August 20, 2012

Education Pioneers [Part 2 of 2]

Part 2 by:
Pammi Bhullar, MBA 2013
Renato Orozco, MBA 2013
Dana Connolly, MS-MBA 2013

PAMMI BHULLAR – MBA Class of 2013, PNP -- BOSTON COHORT [Boston Public Schools]

Pammi (left), with some Boston fellows

This summer I worked in the Finance and Budget Office at Boston Public Schools (BPS). BPS is dedicated to improving student achievement by providing the leadership, procedures, systems, and customer support necessary for principals to maximize teacher effectiveness. As a Fellow, I collaborated with central office and school leaders to build a culture of documenting and effectively communicating policies and procedures. My ability to empower employees to execute a cultural change on their own and to effectively communicate solutions in a simple manner enabled BPS to decrease the time spent on transactional issues and more time on empowering leaders to make financial decisions. In the long-term this will support principals in the instructional and managerial aspects of creating more effective, better prepared teachers.

A combination of my EP experience and honest feedback I've received along the way has directed me to a career in empowering others to achieve their potential. This could be through leading professional development or fellowship programs, or through empowerment initiatives for communities through capacity building.

Through EP workshops, visiting schools, and working at Boston Public Schools I gained tremendous insight into several aspects of the educational system, including teacher evaluations, weighted student funding, after-school student learning opportunities, and labor relations. This well-rounded exposure to a sector deeply in need of reform has challenged my initial perspective on what it takes to prepare students for the working world.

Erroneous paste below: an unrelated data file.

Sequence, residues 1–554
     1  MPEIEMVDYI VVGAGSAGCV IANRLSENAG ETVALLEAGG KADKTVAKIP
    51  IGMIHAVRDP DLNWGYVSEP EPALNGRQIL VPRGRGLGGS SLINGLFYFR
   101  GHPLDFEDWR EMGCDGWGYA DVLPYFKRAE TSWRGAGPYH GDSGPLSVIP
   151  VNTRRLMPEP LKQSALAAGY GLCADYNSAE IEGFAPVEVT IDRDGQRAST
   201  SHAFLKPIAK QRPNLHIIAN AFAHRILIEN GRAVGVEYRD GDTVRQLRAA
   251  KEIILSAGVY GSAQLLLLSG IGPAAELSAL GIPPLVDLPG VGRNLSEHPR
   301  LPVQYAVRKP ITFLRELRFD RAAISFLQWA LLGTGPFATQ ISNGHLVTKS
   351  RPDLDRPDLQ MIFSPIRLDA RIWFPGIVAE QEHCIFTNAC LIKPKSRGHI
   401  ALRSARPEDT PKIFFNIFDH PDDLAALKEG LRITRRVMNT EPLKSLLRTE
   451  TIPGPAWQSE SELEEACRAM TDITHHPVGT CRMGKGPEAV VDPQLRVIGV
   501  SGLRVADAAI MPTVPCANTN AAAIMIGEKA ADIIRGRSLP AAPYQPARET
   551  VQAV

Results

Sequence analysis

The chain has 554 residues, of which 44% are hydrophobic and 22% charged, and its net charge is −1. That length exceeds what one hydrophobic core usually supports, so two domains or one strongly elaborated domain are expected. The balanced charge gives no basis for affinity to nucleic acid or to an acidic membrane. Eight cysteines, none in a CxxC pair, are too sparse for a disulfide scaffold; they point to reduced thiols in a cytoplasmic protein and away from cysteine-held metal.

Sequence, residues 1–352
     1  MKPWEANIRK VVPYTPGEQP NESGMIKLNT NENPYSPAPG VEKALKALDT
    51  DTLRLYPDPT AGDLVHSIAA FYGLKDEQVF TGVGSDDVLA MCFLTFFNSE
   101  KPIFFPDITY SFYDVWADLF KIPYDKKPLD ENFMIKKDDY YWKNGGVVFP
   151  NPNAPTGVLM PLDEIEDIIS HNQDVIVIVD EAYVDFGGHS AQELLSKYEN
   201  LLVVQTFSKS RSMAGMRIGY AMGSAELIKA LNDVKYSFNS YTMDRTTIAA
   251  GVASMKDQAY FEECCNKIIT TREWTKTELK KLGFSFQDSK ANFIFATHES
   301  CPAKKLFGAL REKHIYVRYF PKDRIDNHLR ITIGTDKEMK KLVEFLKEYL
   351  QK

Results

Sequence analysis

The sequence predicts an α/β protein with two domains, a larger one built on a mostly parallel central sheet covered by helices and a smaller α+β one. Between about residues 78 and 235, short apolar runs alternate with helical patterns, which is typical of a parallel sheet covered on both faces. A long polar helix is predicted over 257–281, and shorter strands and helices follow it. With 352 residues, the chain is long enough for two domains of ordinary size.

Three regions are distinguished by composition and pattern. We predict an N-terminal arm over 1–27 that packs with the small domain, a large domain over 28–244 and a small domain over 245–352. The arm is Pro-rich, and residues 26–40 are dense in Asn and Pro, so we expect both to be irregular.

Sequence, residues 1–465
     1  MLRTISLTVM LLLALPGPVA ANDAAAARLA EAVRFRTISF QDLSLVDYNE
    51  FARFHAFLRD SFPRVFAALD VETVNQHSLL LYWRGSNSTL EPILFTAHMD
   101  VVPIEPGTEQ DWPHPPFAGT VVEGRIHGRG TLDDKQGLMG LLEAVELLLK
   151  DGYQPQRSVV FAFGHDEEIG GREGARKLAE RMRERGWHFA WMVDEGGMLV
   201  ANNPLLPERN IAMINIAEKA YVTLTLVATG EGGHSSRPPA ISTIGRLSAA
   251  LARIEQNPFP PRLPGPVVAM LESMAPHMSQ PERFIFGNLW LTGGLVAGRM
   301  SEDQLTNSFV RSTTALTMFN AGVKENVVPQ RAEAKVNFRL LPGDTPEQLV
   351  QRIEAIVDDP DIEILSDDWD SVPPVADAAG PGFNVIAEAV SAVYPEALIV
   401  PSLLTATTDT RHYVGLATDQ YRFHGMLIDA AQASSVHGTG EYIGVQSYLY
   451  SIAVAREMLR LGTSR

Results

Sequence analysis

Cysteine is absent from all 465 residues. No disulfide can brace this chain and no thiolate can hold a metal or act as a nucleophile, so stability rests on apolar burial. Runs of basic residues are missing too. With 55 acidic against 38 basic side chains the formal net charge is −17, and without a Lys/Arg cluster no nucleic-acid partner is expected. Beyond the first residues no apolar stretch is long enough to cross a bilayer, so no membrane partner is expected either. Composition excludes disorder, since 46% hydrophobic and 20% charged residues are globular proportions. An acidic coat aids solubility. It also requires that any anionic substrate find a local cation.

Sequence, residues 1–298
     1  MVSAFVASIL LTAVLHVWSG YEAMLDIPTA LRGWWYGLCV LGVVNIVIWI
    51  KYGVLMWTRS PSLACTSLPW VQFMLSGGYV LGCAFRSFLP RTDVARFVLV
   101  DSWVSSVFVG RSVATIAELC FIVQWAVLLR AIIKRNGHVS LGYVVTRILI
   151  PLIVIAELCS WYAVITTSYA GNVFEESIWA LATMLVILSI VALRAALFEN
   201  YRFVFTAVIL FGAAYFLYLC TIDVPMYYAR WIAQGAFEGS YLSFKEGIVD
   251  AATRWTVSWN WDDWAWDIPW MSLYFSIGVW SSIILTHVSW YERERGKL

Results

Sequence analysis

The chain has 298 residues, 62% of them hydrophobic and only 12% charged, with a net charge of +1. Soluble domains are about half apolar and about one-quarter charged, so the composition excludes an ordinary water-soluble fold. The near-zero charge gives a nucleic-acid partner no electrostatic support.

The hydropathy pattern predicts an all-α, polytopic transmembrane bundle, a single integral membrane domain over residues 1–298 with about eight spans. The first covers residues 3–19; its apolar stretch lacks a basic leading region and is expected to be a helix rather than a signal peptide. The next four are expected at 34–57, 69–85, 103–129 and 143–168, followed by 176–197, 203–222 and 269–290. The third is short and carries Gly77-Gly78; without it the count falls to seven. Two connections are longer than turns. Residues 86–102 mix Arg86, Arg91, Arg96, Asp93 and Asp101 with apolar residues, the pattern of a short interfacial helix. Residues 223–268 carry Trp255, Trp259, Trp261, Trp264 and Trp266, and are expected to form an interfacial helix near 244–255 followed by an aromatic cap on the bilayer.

During the summer, I became friends with an ambitious young lady and EP Fellow who recently started a nonprofit called FuelEd. Through our connection at EP, we became friends and I was able to contribute to her organization and witness its exceptional growth during its first year of operations. Seeing her dedication to developing teachers' capacity for building more effective relationships with students has been inspirational.

RENATO OROZCO: MBA Class of 2013, PNP -- NEW YORK CITY COHORT [Teach for America]

Renato (left), and a few other NYC Fellows

Teach for America supports, prepares and develops 10,000 teachers to face the challenge of closing the achievement gap in the United States. As a Fellow with the Strategy & Innovation team, I evaluated pilot projects and created a snapshot of how resources are being allocated to support teachers. This analysis was subsequently used to inform TFA's senior leadership on what projects should be scaled-up.

My previous professional background is on business and government. Since I had never worked in a nonprofit, this experience helped me to confirm this industry as my post-MBA career objective.

Through EP workshops, interacting with other EP Fellows and working at TFA I gained tremendous insight into several aspects of the educational system and challenges related to improving education.

I had the chance to organize an EPU (Ed. Pioneers Unplugged Workshop) where I and other fellows pitched our start-up ideas to the audience, receiving feedback. It was great to have so many people help to think through my project and contribute with their advice.